THE next coming few days are critical for the crops following the prolonged dry spell threatening to cripple this year’s harvest.
Despite projections of normal to above normal rainfall in both the first and second-half of the 2021/2022 cropping season, farmers now fear for the worst should the dry spell persist.
It has not been raining for more than three weeks now in some parts of the country and as such crops are suffering moisture stress.
In an interview after the tour of the revived Mayorca irrigation scheme in Ward five, Sessombe Village in Zhombe, Midlands province, Lands, Agriculture, Fisheries, Water and Rural Development permanent secretary Dr John Bhasera said crops in most areas urgently need rain.
The 76-hectare irrigation scheme was rehabilitated under the Smallholder Irrigation Revitalisation Programme (Sirp) by the Government in partnership with the International Fund for Agriculture Development (IFAD) to the tune of US$9,4 million.
The irrigation has 76 members who have a hectare each.
Dr Bhasera said he had toured Mashonaland East, Masvingo and the Midlands provinces and the crops were not looking good because of the prolonged dry spell.
“The crops in the three provinces have started wilting and the situation is reported to be the same in other provinces that have not received rains for a long time.
We are hopeful and still positive that it will rain in the next few days so that we have another good harvest,” he said.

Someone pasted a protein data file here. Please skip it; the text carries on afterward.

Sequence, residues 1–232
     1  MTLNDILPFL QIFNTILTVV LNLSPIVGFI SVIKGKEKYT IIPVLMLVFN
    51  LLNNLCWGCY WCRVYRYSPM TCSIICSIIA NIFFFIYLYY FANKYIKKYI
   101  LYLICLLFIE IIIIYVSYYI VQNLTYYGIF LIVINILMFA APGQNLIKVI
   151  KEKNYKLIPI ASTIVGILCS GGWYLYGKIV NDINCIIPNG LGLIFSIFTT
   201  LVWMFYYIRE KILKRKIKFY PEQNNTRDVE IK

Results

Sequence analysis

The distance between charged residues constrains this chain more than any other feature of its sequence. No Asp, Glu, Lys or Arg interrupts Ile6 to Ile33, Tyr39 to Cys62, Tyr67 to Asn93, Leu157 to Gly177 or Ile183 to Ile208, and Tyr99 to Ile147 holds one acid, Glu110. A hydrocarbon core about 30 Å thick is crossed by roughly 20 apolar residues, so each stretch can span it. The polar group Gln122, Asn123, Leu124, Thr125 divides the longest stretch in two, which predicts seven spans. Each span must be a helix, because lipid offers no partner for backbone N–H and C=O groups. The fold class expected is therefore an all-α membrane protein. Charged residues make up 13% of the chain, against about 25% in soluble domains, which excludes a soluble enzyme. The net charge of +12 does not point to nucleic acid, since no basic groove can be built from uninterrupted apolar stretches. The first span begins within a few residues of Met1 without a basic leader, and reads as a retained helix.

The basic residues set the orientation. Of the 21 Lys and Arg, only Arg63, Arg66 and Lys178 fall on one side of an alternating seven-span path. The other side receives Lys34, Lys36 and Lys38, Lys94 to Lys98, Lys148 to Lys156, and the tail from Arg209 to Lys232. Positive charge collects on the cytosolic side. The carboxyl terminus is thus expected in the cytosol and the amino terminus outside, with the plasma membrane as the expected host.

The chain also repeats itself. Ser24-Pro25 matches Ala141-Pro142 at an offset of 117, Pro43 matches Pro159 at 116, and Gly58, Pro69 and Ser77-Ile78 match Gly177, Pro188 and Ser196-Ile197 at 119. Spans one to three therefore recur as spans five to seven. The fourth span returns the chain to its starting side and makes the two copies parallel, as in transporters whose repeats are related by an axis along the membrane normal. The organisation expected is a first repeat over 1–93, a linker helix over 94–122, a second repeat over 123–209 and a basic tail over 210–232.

Dr Bhasera said there is however, a need to develop irrigation schemes to counter the effects of climate change such as the prolonged dry spell being experienced now.
He said more farmers should cultivate crops under irrigation as opposed to rely on dryland farming which is vulnerable to the vagaries of weather.
“We want to continue rehabilitating more irrigation schemes so that many farmers grow crops under irrigation.
We have 450 irrigation schemes with a total of 26 000 ha across the country. We need all these schemes to be up and running so that many of our farmers can grow crops under irrigation,” said Dr Bhasera.
He said farmers at irrigation schemes can grow crops throughout the year as opposed to just waiting for the rainy season.
“We need to get our agriculture right as the success of the agricultural sector is key to achieving Vision 2030.
We need to ensure that the business models across irrigation schemes are sustainable. We are on a tour to inspect progress on Sirp which the Government started in 2018. We are in this programme in partnership with the International Fund for Agriculture Development,” said Dr Bhasera. – Chronicle